The third chapter gets into the basics of magic mirrors. While many practitioners like to have symbolism for every aspect of their tools, I don’t. I pick mirrors for magic based on one of two things: does it feel like a mirror or magical object I want to work with or is it the right tool for the project I’m about to do? Shape doesn’t matter to me. I care more about the energy of an object than the shape of it, you know? That being said, it’s actually quite nice to have different shaped mirrors for various purposes, if only to remember the difference between this magic mirror and that magic mirror.
However, if you do like to have symbolism in everything or you have a favorite shape, then definitely consider a mirror in that shape. It’s good to remember that light reflects off mirror shapes differently. So consider what you plan to do with that mirror. It’s a lot easier to avoid reflections while scrying in a smaller mirror than a larger one.
There is, of course, merit to the convex vs concave mirrors. I’ve owned both types and they have a very different feel to them for me as a magic mirror. They’re just different and I think that’s due to their less passive existence. They reflect things differently than a normal mirror does.
The author gives a very neat break down of mirror washes which is nice because it’s sometimes a confusing topic to read about. The chapter goes on to cover frames and finishes up with an article from a guest writer.
The next chapter has wonderful spells using mirrors or reflective surfaces. There aren’t many spells but they’re definitely useful for modern life. One to chill out, another to put negative thoughts behind you, and a neat little shield spell using reflective sunglasses. They’re the kind of spells I really enjoy – well thought out and useful for the modern witch with modern concerns.
These are spells that make no attempts at being high or mighty or too on trend. You want a spell to give yourself time to adjust to a party’s atmosphere because you’ve anxiety or you’re an introvert? Done. There’s a spell for that. And it’s such a nice, neat, simple little spell that is so helpful and useful. It shows complete understanding that not everyone’s into witchcraft for the serious business and academic pursuits.
There’s a discussion about where to get mirrors and Hexenspiegel come up. These types of mirrors are enchanted to automatically send back negative energy and so on. I’ve always used my spell based mirrors in a Hexenspiegel style and I see others do too but rarely is the name Hexenspiegel brought up. The same chapter also covers mirrored boxes, mercury glass, oeil de sorcière, Indian torans, and bagua.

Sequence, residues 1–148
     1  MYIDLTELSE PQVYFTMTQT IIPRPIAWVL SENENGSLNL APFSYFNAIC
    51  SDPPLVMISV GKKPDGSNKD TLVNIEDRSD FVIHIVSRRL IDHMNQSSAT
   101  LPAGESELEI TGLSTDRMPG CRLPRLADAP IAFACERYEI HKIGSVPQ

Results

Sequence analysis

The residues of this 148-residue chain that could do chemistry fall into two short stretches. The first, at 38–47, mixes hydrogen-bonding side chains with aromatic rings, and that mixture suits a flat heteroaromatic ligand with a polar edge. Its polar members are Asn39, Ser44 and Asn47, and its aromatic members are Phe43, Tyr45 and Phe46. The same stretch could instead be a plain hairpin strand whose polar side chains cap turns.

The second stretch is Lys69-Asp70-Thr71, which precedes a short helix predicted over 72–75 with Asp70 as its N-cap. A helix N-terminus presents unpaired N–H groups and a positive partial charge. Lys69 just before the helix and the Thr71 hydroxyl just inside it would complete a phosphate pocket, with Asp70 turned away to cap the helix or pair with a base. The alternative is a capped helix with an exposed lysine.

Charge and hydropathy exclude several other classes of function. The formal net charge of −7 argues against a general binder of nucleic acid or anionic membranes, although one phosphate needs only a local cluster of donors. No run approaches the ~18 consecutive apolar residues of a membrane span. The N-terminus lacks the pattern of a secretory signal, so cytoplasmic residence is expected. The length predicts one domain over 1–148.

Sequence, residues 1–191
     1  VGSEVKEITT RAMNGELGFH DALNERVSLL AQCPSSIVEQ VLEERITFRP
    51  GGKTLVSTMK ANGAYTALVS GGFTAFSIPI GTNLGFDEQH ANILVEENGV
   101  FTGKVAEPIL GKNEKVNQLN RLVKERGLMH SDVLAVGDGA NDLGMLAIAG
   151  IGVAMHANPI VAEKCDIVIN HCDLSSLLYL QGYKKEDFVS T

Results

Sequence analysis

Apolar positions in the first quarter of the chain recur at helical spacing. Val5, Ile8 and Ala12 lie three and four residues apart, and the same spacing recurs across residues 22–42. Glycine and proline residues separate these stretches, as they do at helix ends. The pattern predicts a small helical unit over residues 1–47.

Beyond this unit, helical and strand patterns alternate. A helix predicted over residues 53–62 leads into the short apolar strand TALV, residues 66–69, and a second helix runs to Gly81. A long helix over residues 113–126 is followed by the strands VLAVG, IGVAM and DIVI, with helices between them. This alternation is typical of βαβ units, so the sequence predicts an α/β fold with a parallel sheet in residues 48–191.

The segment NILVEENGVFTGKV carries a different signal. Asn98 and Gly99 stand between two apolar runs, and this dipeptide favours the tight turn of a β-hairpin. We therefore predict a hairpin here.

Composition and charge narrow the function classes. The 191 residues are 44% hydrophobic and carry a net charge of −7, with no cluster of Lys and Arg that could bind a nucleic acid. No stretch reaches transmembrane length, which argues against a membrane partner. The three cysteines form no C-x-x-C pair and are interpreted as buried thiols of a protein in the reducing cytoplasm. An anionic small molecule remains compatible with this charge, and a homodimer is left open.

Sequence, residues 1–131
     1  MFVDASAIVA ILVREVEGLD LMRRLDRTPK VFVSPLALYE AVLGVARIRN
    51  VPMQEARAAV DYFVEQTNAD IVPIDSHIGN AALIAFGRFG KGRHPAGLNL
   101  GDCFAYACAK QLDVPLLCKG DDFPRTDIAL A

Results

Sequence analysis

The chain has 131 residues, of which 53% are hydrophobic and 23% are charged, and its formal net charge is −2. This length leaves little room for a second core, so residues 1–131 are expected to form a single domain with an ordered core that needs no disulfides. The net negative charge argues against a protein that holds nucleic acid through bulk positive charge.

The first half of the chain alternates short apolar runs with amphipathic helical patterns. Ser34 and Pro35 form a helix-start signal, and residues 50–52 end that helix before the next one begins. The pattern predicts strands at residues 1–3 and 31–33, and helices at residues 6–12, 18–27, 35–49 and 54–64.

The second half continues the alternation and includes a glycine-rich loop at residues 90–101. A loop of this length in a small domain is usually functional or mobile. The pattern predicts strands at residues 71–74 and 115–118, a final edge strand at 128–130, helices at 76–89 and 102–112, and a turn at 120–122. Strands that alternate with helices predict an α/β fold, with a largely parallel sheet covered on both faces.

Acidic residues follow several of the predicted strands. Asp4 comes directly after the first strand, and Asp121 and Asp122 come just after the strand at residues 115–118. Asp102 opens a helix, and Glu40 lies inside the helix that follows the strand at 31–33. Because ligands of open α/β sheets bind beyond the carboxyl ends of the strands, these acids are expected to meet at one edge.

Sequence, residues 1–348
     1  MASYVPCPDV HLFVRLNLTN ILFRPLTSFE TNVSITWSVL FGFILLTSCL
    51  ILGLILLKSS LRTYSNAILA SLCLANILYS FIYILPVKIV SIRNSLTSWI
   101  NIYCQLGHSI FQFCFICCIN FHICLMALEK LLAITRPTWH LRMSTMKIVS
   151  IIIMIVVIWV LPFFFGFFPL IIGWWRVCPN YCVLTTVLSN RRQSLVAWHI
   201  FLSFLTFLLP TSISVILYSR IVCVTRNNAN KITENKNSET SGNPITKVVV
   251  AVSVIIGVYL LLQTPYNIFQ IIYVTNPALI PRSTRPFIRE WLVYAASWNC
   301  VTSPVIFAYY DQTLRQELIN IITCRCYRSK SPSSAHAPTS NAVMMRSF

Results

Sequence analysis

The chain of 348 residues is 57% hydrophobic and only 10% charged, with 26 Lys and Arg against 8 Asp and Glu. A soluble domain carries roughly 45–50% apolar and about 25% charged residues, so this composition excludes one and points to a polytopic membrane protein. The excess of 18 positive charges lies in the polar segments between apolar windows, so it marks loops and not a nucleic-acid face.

I have problems with calling some of these items “witch’s mirrors”. Some of these mirrors come out of cultures that are not pagan. Most Hindu practitioners do not consider themselves pagan. Their ritual or cultural items shouldn’t be considered pagan either.
Chapter six covers how to make your own scrying mirrors. The standard “paint glass black” method is given but with lots of tips and details that are really useful if you’re trying to make a mirror. Like a polymer clay frame or adding felt to the back for protection. There’s also basic instructions on how to use the mirror. Later, there’s instructions for making a Hexenspiegel with mirror-based jewelry. Next the book covers making a mirrored box, DIY faux mercury glass, and even crafting your own oeil de sorcière.
This chapter also covers common purposes like spirit communication and dedicating a mirror to the moon or sun. Creating a negative energy trap too is described. Chapter seven (the next chapter) is referenced a lot so I question whether that chapter should have come first when creating the book.
Chapter seven offers recipes for mirror washes, cleansing liquids, and so on. I have my own recipes for these kinds of washes and they matched up fairly well. The recipes are actually quite good and can be really useful if you’re not very handy when it comes to herbal magic.
The next chapter has more mirror based spells. Return to sender spells, spirit contact and communication, garden orb prosperity spell and more. I’m quite fond of the spells in here. As said above, they’re well thought out and useful to modern people.
A discussion involving the backs of mirrors begins. Handheld mirrors usually have decorative backs but other mirrors don’t. You can change that by add blessings and spell work to the back of the mirror. The author offers some original designs as sigil for magic mirrors.
Chapter nine has meditations using mirrors. It’s actually quite thought provoking, if you’re not used to thinking of self awareness or astral travel. Those are, weirdly, topics I do think about, so this was old news, but definitely good for anyone who wants to use mirrors in these aspects of their practice.
Finally, the book closes with useful appendixes for divination purposes, a glossary, and recommended readings.
Is this the most mind-blowing technical book I’ve read? No. It’s not something you’re going to need to break out the dictionary for and set aside time to study appropriately. You can read it curled up with your favorite warm beverage and fuzzy socks. That’s not a bad thing, just don’t go in expecting to break out the graph paper to sketch out the exact measurements of historical magic mirrors or whatever. It’s not that kind of book. But that’s OK. It’s not claiming to be that kind of book and that’s actually great because that means this book is SUPER approachable.
I don’t normally add technical books to my library unless they’re spell, recipe, or reference books, but this is one that I’ve happily added to my library.